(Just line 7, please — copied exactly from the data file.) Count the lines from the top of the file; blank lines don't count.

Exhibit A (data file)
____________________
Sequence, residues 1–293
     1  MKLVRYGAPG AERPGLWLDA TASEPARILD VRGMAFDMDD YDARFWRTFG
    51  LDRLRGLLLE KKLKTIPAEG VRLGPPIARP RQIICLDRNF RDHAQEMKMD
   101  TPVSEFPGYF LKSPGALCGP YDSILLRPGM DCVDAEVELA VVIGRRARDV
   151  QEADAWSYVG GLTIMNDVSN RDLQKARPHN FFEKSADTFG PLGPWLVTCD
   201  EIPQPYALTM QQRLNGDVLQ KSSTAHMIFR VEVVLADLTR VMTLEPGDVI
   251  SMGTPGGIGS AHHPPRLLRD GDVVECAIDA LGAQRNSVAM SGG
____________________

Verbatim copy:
   251  SMGTPGGIGS AHHPPRLLRD GDVVECAIDA LGAQRNSVAM SGG